Inventory in Months
Single Family Homes
Moving toward a balanced market is a good trend. It puts both buyers and sellers on equal footing. Mike Grady, COO of Coldwell Banker Bain, states “buyers are at long last now seeing properties that stay on the market longer. Listings that are priced appropriately, and not based on the feverish market we saw just a few months ago are still selling quickly, and home prices are still showing 8 percent appreciation year-over-year, more than double the rate of inflation.”
What does this mean to you if you’re considering selling your home? Homes are selling if they are priced properly. More than ever it means you need an experienced REALTOR who will provide you with a detailed pricing analysis based on what is happening in today’s market, not on sales from even 3 or 6 months ago. And automated values are even less reliable than they have been because they may not reflect what is happening today. When I work with a seller, I give you a detailed report and recommendation and update this report frequently to adjust for market change.
If you’re a buyer, this is a fabulous time to get in the market. With prices stabilizing and interest rates increasing, waiting might be not be a good idea. What you can afford today might be less than what you can afford next year. I can provide you with recommendations of lenders who can help you determine what your buying power is. Additionally, with the market becoming more balanced, the need for pre-inspections and waiving of contingencies is passing.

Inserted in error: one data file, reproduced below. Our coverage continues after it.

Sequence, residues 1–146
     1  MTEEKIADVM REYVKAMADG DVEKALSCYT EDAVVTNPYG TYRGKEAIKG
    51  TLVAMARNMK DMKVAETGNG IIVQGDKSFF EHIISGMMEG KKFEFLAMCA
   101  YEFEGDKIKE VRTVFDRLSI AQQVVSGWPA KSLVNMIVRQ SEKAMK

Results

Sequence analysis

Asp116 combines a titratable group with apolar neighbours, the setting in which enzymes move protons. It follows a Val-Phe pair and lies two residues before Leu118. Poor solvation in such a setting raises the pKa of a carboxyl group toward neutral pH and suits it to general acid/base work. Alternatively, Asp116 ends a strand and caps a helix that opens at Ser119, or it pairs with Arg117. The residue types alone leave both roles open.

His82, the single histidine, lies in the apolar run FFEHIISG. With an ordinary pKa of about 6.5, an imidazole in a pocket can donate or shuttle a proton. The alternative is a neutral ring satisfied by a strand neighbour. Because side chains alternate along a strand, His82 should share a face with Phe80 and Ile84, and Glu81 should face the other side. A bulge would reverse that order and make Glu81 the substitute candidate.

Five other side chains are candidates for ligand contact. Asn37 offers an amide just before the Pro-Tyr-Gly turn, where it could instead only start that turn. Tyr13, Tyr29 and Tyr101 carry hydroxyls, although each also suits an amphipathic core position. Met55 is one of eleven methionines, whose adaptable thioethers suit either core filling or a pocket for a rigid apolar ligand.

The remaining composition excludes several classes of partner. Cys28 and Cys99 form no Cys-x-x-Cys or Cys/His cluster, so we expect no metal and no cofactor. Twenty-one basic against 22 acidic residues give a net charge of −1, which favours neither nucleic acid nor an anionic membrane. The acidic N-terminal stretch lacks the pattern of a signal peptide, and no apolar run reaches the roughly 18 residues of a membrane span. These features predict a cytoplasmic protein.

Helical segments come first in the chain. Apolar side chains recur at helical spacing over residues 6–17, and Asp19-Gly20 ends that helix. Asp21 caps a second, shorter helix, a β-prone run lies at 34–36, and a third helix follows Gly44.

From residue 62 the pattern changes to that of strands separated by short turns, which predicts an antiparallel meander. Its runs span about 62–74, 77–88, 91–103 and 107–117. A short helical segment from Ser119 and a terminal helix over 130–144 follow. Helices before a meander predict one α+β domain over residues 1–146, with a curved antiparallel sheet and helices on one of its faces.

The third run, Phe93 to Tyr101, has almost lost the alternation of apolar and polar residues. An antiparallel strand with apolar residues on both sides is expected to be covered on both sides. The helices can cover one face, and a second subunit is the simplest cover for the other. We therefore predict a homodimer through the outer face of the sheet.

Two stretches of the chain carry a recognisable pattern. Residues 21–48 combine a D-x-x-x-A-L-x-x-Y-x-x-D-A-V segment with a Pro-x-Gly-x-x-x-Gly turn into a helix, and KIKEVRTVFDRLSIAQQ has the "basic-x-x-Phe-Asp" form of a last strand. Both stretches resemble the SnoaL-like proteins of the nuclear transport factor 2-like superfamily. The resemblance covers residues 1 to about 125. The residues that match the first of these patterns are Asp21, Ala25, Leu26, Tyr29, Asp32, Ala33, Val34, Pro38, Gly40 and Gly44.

I’d love to talk with you about the market in your neighborhood and why now might be the time for you to buy or sell. Give me a call/text at (206) 790-0081 or email Jamie@JamieFlaxman.com to set up a time to chat.
Home shoppers in Western Washington can choose from the largest supply of homes in three years and they are facing fewer bidding wars. August statistics from the Northwest Multiple Listing Service show prices appear to be moderating (up about 6.7 percent overall), but brokers say they are not bracing for a bubble, or even anticipating a quick shift to a buyers’ market. “There have been incremental increases in listing inventory the past few months,” noted Gary O’Leyar, the designated broker/owner at Berkshire Hathaway HomeServices Signature Properties, but, he added, “By no means have inventory levels reached a point that is deemed to be a balanced market.” Prices were down in August but are still up from 2017.
If you’re thinking of buying, this is the time to get pre-approved and start your buying process. If you’re a seller, I’d be moving quickly to get your home on the market while prices are still at the peak. Please call me at 206-790-0081 or email me at Jamie@JamieFlaxman.com to discuss your real estate needs.